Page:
Posted by: Lisa Hill | May 1, 2016

Gotham, by Nick Earls


Oh dear, I am the wrong person to be reading this, I thought to myself, as I began reading Gotham, Book 1 in Nick Earls’ new collection of novellas called The Wisdom Tree.  I have paid so little attention to popular and consumer culture since the late 1960s that I am going to miss all the pop references in this novella.  I am not going to know which names are real people/places/brands and which ones are not.

Well, as my subsequent discoveries show, (see below, if you too are culturally challenged) my (unrepentant) ignorance didn’t matter.  I may have missed some earth-shattering allusion, but it didn’t compromise my reading of the story.

The setting is New York and the narrator is a journalist called Jeff Foster who is interviewing a waste-of-space rapper called Na$ti Boi.  Na$ti is nineteen, he revels in his name (and events show that he deserves it), and Australia is about to be graced with his presence at some festival.  Foster has sold and re-sold this interview – not just to the festival website.  He seems to think that parents will want to read about this uncongenial young person in weekend magazines, and editors have agreed to publish his interview so presumably they think so too.

(People sometimes ask me how I find so much time to read. It’s because I don’t read features across five glossy pages of a newspaper’s Saturday magazine.)

Foster arrives at Bloomingdales on time, an hour after closing time.  Na$ti is in the ‘At His Service’ section, which is ‘Men’s Personal shopping’.  The staff are suitably obsequious and so is his manager Smokey who has set up this interview.  Smokey’s wife is in labour, sending him furious texts demanding his attendance, while he remains, enmeshed in the web of Na$ti’s self-absorption, unable to get away while an explosion looms over a maxed-out credit card:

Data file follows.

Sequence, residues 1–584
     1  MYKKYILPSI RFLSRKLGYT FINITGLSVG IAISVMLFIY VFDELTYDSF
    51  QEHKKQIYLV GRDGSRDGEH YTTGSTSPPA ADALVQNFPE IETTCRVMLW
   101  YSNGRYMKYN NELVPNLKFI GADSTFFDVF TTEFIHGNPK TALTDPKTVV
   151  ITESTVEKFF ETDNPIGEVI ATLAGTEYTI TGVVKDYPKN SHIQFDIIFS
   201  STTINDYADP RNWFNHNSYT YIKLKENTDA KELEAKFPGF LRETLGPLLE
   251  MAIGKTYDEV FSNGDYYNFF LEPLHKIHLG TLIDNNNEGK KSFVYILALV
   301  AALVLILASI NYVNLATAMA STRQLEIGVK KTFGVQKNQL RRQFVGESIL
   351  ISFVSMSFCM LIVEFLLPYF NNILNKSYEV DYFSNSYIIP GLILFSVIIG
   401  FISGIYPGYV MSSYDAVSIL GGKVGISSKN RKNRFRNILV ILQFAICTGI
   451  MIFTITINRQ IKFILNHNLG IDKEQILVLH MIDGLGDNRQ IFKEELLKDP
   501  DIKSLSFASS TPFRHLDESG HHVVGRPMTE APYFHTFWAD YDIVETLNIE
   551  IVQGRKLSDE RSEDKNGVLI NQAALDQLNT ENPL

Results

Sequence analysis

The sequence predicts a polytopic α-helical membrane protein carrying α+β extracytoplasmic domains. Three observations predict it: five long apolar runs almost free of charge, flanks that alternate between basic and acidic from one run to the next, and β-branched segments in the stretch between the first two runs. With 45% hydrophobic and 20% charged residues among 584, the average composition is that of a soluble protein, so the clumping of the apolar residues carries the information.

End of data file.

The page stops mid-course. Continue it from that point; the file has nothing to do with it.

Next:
The best minders are conjurors, guiding the eye to the other hand, away from tantrums, embarrassment, slander, hubris.  (p.45)

Foster knows he is supposed to be impressed by Na$ti’s nonchalant expenditure, so I knew I was supposed to be impressed by the brand names of the stuff Na$ti dawdles over.  I warmed to Foster as I also warmed to Smokey as I realised that both of them have a real life somewhere else:

I’m not on the inside.  He’s welcome to remind me of that as much as he likes.  It would not occur to him that I don’t want to be him.  It would shock him to learn that I am in his van, writing this piece, solely for the money.  It would not shock Smokey, I think.  His life is in a hospital somewhere else on this crowded island… (p. 60)

Tucked carefully into this world so alien to me are references to Foster’s family, holed up in a hotel somewhere in the city.  The second part of this novel – suddenly emotionally engaging – reveals the story of Ariel, Foster’s four-year-old daughter, and the parents’ struggle to give her a life worth living.  Smokey makes a reappearance in a park, and the reader feels uplifted.

And even just a little bit more kindly disposed towards Na$ti…

The blurb at Goodreads says I should think Bonfire of the Vanities,  by Tom WolfeNot having read it, I can’t answer for that. But I can attest to the way Nick Earls tests our prejudices in this slim novella, exploring the notion of family and the terror of loss.

Author: Nick Earls
Title: Gotham
Publisher: Inkerman and Blunt, 2016
ISBN: 9780992498580
Review copy courtesy of Inkerman and Blunt via publicist Brendan Fredericks.

Available from:

  • Inkerman and Blunt where you can sign up for the other four books in the series as they are released;  The Wisdom Tree series will be available to download as audiobooks from May 2016 from
  • Fishpond: Gotham: Wisdom Tree: 1.
  • Readings has it too: they have a brief review in Readings Monthly but it wasn’t up on their website the day I looked.

Subsequent discoveries, thank you, Google

  • Dee Dee Ramone, is was a vocalist in a punk rock band called the Ramones, circa 1970.